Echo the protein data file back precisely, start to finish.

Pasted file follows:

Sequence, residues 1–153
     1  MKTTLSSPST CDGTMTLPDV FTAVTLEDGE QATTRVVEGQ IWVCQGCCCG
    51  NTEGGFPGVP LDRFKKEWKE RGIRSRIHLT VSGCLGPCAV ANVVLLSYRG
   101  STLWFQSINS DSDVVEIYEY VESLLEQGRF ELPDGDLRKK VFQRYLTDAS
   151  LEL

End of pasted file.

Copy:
Sequence, residues 1–153
     1  MKTTLSSPST CDGTMTLPDV FTAVTLEDGE QATTRVVEGQ IWVCQGCCCG
    51  NTEGGFPGVP LDRFKKEWKE RGIRSRIHLT VSGCLGPCAV ANVVLLSYRG
   101  STLWFQSINS DSDVVEIYEY VESLLEQGRF ELPDGDLRKK VFQRYLTDAS
   151  LEL